Monday, February 23, 2009

Applause Between Songs: What Are You Thinking?

How common it is in most Evangelical churches for the congregation to clap their hands during the time of "praise and worship." And how often have I seen in the churches to which my family attended growing up (and even many of the churches which I've attended as an adult) the congregation clapping in between the songs. As the congregation is led from one song into another, sometimes there's a gap in time, a gap that is filled with clapping, i.e., applause.

And what's that applause for? It's not for the worship team, or singers, or choir is it? Is it applause to God for His goodness and Gospel? How many who clap during this time of transition between songs really give it any thought whatsoever as to why they're applauding/clapping?? Not many if any, I'd presume. I dare say that most just do it because that what they've always done, or because everyone else is clapping too.

I remember a chapel service while attending Oral Roberts University, when the late Ed Cole (author of Maximized Manhood) was our guest speaker. It was during our opening time of singing that, as usual, the students applauded between each song that was sung. But after the 2nd or 3rd time this happened, Mr. Cole stepped forward and stopped us. I wish I could remember exactly what he said, but he basically told us to stop it - to stop always clapping and applauding after each song by default, without thinking. His admonition was that such conduct was really rather lazy - rather than worshiping Him in spirit and in truth, with our heart, soul and mind, we just fill this time with mindless, uninformed clapping. He challenged the student body to think and not just react. To think and not just do what we've always done - always done without question or thought.

So, why do we do it - why do we so often automatically clap or applaud between songs during our church services? Should we do it? And if so, for what purpose - to what end?

And if you so applaud, why do you? What are you thinking while you're applauding, or what are you intending by your applause? Have you given it any thought from a scriptural standpoint?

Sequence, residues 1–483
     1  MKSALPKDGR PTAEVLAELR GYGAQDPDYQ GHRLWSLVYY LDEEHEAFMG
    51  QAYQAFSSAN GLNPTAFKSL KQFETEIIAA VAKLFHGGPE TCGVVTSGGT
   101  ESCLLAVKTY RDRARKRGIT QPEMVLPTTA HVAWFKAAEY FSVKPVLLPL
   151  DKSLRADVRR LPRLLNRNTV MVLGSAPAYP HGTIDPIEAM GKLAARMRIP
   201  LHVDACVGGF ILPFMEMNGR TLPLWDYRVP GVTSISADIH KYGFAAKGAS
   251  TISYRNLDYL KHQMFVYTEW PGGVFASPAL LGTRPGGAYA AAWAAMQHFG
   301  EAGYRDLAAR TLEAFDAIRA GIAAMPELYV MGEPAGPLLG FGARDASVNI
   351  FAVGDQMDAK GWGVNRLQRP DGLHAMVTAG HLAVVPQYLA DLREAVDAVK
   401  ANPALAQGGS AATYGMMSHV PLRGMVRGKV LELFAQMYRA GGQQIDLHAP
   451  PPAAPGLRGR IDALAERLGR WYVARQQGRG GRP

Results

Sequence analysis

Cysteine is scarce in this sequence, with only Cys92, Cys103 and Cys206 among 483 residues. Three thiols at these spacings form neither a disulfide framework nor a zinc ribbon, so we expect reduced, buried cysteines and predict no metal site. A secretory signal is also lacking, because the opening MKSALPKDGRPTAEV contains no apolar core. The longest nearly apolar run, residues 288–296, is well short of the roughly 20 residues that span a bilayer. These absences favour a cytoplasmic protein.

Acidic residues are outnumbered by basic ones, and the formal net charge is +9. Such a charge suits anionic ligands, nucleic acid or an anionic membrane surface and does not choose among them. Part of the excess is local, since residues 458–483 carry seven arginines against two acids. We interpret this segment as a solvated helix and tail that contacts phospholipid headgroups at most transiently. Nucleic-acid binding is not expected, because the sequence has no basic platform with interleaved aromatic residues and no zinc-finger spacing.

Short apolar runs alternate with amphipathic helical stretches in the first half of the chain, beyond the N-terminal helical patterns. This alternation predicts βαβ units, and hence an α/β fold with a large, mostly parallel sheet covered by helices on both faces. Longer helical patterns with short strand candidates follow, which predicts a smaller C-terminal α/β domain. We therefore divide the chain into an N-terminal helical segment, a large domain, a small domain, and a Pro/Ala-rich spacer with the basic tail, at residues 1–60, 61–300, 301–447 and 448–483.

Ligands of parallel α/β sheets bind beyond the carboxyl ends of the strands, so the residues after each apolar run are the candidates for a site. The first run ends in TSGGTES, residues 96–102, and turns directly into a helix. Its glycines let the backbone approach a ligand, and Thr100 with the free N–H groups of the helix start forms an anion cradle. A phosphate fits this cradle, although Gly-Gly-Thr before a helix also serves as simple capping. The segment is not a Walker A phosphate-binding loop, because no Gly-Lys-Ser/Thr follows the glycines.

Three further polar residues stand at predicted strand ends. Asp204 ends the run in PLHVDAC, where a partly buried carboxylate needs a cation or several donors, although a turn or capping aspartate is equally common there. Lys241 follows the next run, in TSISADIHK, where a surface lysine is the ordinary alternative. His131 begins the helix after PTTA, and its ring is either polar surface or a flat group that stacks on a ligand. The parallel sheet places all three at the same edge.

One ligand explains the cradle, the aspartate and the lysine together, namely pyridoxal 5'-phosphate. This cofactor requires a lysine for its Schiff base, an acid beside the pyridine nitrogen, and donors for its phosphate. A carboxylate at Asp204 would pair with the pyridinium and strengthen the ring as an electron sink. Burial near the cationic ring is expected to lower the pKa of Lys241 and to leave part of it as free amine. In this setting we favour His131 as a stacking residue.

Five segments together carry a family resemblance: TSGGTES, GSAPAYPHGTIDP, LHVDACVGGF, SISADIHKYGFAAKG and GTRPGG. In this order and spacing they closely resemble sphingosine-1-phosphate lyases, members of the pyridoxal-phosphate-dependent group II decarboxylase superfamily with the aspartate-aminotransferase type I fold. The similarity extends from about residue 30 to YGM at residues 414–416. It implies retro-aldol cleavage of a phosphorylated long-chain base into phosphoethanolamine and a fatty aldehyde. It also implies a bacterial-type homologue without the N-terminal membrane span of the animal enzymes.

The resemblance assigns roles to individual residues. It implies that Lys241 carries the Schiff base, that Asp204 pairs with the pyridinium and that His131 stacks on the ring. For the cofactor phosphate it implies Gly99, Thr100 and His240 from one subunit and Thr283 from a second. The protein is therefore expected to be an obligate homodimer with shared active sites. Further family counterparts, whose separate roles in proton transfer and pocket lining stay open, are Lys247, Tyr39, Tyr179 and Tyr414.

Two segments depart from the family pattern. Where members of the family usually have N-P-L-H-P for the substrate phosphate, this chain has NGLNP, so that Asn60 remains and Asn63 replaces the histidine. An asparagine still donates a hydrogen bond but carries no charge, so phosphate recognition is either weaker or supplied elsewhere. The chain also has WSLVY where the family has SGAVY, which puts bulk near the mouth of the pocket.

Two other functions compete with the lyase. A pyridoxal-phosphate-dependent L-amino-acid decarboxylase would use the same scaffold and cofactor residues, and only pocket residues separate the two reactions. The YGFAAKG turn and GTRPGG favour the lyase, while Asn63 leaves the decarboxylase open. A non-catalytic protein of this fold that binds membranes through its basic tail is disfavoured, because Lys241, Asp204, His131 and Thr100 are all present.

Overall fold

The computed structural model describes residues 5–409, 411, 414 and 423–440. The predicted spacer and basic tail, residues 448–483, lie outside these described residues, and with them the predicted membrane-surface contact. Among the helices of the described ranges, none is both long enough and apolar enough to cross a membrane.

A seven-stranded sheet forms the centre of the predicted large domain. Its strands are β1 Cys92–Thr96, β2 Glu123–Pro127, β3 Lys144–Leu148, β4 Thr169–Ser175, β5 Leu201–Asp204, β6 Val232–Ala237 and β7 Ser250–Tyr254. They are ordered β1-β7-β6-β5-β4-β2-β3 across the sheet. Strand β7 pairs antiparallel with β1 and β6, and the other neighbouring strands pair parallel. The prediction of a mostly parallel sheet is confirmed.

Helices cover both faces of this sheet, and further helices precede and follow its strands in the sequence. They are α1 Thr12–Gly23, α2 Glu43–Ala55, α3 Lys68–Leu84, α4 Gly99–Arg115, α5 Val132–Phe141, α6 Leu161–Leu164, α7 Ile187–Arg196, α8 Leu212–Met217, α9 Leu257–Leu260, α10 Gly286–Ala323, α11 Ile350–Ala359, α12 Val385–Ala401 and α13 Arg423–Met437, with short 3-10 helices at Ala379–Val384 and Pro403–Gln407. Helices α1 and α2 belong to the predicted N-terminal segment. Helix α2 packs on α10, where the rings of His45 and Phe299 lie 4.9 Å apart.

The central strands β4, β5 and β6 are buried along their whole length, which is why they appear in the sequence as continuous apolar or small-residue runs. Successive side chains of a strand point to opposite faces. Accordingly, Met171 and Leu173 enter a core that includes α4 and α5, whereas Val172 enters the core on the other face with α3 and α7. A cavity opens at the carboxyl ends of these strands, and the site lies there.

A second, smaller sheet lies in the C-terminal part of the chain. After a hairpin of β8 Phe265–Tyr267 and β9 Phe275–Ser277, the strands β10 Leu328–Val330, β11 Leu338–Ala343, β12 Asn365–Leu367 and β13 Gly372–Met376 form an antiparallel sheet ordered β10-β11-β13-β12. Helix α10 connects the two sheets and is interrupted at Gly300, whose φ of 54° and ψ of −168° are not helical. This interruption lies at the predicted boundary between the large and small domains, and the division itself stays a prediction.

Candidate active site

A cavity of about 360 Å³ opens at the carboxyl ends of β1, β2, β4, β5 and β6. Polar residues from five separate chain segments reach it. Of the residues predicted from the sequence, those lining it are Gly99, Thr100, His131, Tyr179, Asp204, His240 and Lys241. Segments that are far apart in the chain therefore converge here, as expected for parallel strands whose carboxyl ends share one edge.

I'd love to hear your thoughts on this.

(Ok, you may clap now.)


At 2/23/2009 9:10 PM, Blogger Jennifer said...

We actually do not clap at our church, which some visitors find unnatural (presumably because they're used to clapping in their home churches). Our worship pastor has asked that we do not applaud after musical presentations because we are not "performing" for the approval of men. We are worshipping through music. The exception seems to be that we do applaud whenever the children's choir performs. I don't know that there's a good reason for that other than a desire to encourage the children, but that seems to be our regular practice.

At 2/25/2009 8:19 PM, Blogger Marliss said...

In our church (very similar to SGC) we occasionally clap after a worship song. It always means, at least to me, that we were especially touched by the Spirit during that song, or we have to have an additonal outlet to the exuberance of our praise of God after the song is over.

I am sure there are people, especially younger ones, that just clap because everyone else is doing it. This has made me think that I should talk to my own children about this.

At 2/27/2009 3:33 PM, Anonymous Anonymous said...

In the current church body we are part of, clapping after each song makes me uncomfortable, as it seems to be thanking the praise team for the excellence of the performance, rather than for the excellence of God. I do clap as an expression of additional worship/praise to God after some songs, if moved to, but not every song, just as I dont lift my arms up with every song.

At 3/02/2009 8:02 PM, OpenID mattmo865 said...

As a worship leader, and that mainly for youth, I've learned by experience that people need to be taught to think about these things, because so often it does seem like just an automatic response. Our youth rarely applaud, but when they do, it seems to be a genuine expression of worship and praise to God, and not to the band or worship leaders.

At 4/09/2009 6:24 AM, Blogger Andrew Kenny said...

I'd been thinking about the whole idea of applause for the worship leader or the Christian singer singing songs of worship to God.

It really gets to me!In its essense woshipping God is giving oneself to God. If this is the case should we be applauded by man? THe Lord himself warned us not to show off our piety before me to be praised by man.Rather the reverse. To get praised for it just desn't ring true- or even get paid big money for itseems worse.
Anyway through googling this I came across the article below which may be of interest and also your own blog which I'm now commenting on. Peace and Grace.

What's Wrong with Applauding in Church
by Laurence A. Wagley
Issue #10

The faces of the Cherub Choir members shine as they finish their song. Before I know it, I am applauding with everyone else. What am I doing? I glance around to see if anyone is watching. (We liturgy professors take ourselves very seriously.) What are we to make of this increasingly popular practice of applauding in worship?

I realize applause is not necessarily one of the major issues of worship, but I think it does deserve some comment. (I realize, too, that one of my colleagues once made some restrained comments on another marginal item called the children's sermon and has yet to recover from the answering barrage.) Let's begin by considering some reasons that might be given in support of applause in church. We could point out that applause demonstrates life and vitality, which is better than boredom; that it provides the congregation with a means of participating in worship; that it contributes to an environment of caring and friendliness; and that it communicates support and approval. Let's look at these reasons.

Worship Leaders or Performers?